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Zimbabwe puts New York Times freelancer on trial

01/12/2022 | 02:34am EDT
People line up for taxi across the street from the New York Times head office in New York

HARARE (Reuters) - A freelance reporter working for the New York Times in Zimbabwe will appear in court on Wednesday, his lawyer and the newspaper said, in a case critics say illustrates the authoritarian nature of President Emmerson Mnangagwa's government.

Jeffrey Moyo, a 37-year-old Zimbabwean, spent three weeks in jail last year accused of obtaining fake accreditation documents for two of the U.S. newspaper's journalists on a visit.

The New York Times said the charges were baseless and that a Zimbabwe Media Commission official had issued him papers for Christina Goldbaum and Joao Silva. They were expelled.

"It was a nasty experience, sleeping on the concrete floor and having no contact with my family," Moyo told Reuters. "It was terrible, but I'm optimistic that things will go well."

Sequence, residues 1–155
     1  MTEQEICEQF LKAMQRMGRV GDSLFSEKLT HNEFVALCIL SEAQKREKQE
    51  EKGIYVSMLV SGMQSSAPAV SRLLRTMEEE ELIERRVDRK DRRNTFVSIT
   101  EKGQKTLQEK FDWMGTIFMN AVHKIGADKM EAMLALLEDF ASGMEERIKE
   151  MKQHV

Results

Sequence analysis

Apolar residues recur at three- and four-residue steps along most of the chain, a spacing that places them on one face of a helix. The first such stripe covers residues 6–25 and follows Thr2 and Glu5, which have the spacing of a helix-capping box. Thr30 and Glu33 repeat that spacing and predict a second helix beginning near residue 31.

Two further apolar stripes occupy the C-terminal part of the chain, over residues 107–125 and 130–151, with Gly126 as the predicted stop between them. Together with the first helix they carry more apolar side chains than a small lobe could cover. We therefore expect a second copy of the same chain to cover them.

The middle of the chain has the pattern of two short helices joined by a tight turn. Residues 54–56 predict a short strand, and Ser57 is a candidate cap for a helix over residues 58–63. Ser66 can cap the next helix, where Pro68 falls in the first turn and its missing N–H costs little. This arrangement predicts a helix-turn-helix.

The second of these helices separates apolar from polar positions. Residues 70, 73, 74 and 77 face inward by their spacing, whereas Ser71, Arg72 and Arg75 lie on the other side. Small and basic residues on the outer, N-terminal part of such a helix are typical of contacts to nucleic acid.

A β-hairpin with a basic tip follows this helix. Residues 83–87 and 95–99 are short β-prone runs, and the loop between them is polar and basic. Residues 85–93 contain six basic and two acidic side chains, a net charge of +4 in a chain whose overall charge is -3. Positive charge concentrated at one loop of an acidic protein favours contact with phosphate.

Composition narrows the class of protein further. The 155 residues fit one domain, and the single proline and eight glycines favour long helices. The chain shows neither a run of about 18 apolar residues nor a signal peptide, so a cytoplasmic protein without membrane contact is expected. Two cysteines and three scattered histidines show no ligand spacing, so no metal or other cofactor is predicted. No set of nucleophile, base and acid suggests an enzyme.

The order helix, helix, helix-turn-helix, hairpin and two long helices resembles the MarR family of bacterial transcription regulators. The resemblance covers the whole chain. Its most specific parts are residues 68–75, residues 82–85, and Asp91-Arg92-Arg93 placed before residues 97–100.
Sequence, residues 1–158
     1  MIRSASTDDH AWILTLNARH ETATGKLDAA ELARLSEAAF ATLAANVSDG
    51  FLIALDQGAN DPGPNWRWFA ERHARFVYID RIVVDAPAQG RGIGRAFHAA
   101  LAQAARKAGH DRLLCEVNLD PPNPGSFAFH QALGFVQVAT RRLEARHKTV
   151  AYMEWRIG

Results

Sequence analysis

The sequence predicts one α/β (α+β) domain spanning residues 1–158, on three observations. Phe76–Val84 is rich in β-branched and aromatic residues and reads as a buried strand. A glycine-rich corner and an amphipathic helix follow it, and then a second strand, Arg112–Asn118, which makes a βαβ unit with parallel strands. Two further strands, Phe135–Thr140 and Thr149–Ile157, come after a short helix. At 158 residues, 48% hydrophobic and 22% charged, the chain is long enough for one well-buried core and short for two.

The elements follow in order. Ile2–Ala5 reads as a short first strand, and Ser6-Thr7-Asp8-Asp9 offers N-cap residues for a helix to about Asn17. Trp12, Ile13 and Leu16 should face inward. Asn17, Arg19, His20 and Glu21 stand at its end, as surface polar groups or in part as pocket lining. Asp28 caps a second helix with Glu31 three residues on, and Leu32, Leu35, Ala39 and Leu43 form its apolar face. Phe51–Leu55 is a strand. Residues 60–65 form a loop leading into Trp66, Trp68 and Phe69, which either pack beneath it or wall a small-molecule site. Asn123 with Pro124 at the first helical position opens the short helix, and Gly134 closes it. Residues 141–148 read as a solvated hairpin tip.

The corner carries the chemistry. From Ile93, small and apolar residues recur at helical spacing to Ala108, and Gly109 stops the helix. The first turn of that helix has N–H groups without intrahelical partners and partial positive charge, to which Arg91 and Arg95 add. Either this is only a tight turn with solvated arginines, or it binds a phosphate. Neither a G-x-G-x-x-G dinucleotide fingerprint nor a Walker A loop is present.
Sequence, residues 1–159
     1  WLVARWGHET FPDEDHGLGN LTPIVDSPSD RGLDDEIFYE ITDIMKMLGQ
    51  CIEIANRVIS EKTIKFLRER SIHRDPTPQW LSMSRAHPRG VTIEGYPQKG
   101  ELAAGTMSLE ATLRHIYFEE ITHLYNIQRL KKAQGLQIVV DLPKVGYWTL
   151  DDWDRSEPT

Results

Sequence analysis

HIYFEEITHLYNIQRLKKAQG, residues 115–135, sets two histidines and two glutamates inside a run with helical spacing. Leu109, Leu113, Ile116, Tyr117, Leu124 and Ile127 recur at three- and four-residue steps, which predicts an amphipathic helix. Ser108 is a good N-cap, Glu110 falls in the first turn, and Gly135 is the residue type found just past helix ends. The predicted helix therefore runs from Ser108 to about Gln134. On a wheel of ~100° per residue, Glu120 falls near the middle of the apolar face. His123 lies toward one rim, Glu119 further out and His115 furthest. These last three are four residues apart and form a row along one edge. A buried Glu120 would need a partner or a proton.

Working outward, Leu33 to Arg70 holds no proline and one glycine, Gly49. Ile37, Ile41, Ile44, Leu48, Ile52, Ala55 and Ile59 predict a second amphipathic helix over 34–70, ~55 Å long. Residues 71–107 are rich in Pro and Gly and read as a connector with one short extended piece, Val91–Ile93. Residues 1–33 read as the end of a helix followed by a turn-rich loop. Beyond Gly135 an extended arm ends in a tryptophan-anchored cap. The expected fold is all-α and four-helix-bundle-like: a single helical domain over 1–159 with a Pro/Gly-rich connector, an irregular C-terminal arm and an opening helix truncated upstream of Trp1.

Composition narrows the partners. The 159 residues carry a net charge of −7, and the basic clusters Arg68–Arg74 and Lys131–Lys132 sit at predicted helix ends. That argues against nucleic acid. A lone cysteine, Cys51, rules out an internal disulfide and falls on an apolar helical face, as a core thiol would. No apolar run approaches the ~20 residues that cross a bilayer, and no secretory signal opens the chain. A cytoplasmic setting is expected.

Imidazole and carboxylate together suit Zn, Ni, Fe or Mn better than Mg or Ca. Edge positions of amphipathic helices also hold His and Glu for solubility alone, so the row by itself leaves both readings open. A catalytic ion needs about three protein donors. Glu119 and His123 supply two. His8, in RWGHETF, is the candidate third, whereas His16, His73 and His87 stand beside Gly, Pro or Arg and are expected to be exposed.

Officials were not immediately available to comment on the trial due to take place at a court in Bulawayo, Zimbabwe's second biggest city. But a spokesperson last year accused Moyo of paying a bribe to break immigration laws.

The government of Mnangagwa, who replaced long-serving autocrat Robert Mugabe in a 2017 coup, has testy relations with non-state media. Another prominent reporter, Hopewell Chin'ono https://www.reuters.com/world/africa/zimbabwe-court-quashes-criminal-charges-against-journalist-2021-04-28, who is critical of the government, has been arrested three times.

"The state has a very weak case ... Jeffrey believed he was dealing with a bona fide official of the Zimbabwe Media Commission," Moyo's lawyer Doug Coltart told Reuters.

Moyo had also worked for the Thomson Reuters Foundation charity.

(Reporting by Nelson Banya; Editing by Promit Mukherjee and Andrew Cawthorne)


© Reuters 2022
Stocks mentioned in the article
ChangeLast1st jan.
ON SEMICONDUCTOR CORPORATION 5.49% 59.33 Delayed Quote.-17.20%
THE NEW YORK TIMES COMPANY 0.39% 33.21 Delayed Quote.-32.61%
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